Is Adobe Spying On Us Too?
A little over a month ago, Apple roused the torch-and-pitchfork crowd when it was discovered that Apple products were reporting back to the software giant on user's activities. Now Adobe has joined the spyring, with reports surfacing Wednesday that Adobe products are secretly sending user data to a third party.
The disclosure came in a post by Dan Moren on UNEASYsilence, a self-described "geeky news" blog. Moren reported that he discovered that Adobe's InDesign CS3, running on his Mac, was connecting to host identified as "192.168.112.2O7.net," which he discovered is a website owned by analytics giant Omniture. To many observers, the address appears to be deliberately designed to resemble an IP address in the 192.168 block, which is normally reserved for internal use.
Especially given the announcement last month that Adobe will begin offering integration with Yahoo! ads, one has to wonder just what kind of data Adobe is tracking on its users, and how they plan to use it.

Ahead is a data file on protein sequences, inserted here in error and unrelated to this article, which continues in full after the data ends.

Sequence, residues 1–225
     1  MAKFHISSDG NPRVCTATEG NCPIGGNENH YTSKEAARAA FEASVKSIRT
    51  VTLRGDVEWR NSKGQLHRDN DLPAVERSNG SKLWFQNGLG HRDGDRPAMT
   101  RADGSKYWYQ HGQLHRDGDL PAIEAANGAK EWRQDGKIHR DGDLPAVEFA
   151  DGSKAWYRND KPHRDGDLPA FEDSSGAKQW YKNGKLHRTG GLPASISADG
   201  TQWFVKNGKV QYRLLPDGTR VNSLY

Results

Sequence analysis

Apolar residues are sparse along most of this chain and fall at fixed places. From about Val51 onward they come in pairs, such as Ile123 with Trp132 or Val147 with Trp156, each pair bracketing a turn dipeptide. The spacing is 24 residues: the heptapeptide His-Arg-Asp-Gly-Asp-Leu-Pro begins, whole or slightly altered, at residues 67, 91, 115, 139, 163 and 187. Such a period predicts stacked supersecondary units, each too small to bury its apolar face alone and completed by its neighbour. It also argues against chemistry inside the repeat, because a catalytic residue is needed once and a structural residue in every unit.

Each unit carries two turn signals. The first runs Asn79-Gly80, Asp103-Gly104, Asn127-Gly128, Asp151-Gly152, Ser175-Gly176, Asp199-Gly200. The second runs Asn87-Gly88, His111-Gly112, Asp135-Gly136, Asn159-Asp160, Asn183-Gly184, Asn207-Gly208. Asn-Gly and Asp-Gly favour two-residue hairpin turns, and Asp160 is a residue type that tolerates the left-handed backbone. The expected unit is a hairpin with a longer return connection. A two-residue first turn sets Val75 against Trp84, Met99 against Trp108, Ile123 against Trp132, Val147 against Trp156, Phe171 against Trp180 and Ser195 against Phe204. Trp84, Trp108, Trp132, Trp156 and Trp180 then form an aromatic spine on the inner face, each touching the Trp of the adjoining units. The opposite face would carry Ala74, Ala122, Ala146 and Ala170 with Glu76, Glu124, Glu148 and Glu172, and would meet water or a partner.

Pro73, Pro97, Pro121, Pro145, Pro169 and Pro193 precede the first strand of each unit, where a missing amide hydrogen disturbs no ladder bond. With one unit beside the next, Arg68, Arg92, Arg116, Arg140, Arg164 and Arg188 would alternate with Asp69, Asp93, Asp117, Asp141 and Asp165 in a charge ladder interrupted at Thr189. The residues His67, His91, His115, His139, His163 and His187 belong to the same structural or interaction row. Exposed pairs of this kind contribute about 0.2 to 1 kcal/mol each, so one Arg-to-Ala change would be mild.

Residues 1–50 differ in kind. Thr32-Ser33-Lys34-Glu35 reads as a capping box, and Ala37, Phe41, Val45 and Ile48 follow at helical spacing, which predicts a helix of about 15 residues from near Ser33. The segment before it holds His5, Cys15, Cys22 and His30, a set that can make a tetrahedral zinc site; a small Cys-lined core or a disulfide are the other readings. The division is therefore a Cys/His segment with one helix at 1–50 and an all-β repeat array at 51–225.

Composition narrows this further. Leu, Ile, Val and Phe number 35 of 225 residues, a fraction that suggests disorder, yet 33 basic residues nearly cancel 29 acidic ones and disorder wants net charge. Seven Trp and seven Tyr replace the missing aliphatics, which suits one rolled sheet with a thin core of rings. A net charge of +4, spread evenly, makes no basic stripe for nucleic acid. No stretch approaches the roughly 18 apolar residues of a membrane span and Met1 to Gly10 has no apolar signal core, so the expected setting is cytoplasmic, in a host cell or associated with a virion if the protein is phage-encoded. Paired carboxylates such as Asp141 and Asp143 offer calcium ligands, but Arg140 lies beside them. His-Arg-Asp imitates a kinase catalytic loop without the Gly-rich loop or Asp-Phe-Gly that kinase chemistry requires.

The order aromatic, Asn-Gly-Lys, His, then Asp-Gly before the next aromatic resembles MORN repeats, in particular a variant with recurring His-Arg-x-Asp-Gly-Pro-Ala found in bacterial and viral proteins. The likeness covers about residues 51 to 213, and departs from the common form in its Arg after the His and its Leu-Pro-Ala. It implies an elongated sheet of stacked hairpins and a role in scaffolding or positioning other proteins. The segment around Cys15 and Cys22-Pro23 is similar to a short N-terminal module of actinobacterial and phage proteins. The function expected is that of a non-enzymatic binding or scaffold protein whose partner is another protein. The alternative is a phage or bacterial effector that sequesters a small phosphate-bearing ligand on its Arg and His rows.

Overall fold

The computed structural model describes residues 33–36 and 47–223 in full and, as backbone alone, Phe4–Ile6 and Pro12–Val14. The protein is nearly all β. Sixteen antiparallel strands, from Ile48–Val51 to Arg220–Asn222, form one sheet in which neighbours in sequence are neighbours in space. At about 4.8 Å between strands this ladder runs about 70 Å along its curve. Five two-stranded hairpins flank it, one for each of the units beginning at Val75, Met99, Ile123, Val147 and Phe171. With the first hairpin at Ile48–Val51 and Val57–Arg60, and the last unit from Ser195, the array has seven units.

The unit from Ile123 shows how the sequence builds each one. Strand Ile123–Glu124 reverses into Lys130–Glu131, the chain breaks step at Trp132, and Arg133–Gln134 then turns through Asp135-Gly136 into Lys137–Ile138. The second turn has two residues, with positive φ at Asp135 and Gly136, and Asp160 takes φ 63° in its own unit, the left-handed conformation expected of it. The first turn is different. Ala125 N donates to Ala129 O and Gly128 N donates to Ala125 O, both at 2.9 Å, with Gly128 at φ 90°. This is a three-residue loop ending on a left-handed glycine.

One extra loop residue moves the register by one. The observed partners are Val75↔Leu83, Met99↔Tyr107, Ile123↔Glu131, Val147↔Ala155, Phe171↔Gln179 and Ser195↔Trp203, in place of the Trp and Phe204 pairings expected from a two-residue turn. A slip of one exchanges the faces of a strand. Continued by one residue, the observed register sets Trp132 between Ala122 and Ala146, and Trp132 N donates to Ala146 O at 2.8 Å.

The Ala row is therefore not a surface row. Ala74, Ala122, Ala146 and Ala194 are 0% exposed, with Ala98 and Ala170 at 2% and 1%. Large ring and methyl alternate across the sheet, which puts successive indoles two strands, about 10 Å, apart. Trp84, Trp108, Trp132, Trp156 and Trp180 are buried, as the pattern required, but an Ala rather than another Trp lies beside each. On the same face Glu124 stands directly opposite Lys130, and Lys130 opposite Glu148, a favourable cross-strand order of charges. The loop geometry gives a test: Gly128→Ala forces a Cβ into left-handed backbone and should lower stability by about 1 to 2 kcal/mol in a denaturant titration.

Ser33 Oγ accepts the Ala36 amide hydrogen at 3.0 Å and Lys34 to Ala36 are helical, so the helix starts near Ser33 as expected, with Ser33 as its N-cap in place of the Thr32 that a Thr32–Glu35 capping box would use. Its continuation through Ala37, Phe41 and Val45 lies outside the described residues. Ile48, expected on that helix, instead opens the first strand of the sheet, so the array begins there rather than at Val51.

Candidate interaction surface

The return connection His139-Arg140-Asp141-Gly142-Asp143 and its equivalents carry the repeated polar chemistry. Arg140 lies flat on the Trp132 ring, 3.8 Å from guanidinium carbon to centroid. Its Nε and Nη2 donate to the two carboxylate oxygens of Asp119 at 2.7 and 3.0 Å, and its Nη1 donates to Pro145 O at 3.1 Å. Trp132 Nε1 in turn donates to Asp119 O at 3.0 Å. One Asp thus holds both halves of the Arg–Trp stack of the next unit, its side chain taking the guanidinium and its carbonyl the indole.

Justin Ryan is a Contributing Editor for Linux Journal.
Special Reports: DevOps
Have projects in development that need help? Have a great development operation in place that can ALWAYS be better? Regardless of where you are in your DevOps process, Linux Journal can help!
With deep focus on Collaborative Development, Continuous Testing and Release & Deployment, we offer here the DEFINITIVE DevOps for Dummies, a mobile Application Development Primer, advice & help from the experts, plus a host of other books, videos, podcasts and more. All free with a quick, one-time registration. Start browsing now...
- The Ubuntu Conspiracy
- A First Look at IBM's New Linux Servers
- Vigilante Malware
- Disney's Linux Light Bulbs (Not a "Luxo Jr." Reboot)
- Libreboot on an X60, Part I: the Setup
- Vagrant Simplified
- System Status as SMS Text Messages
- Bluetooth Hacks
- Dealing with Boundary Issues
- Non-Linux FOSS: Code Your Way To Victory!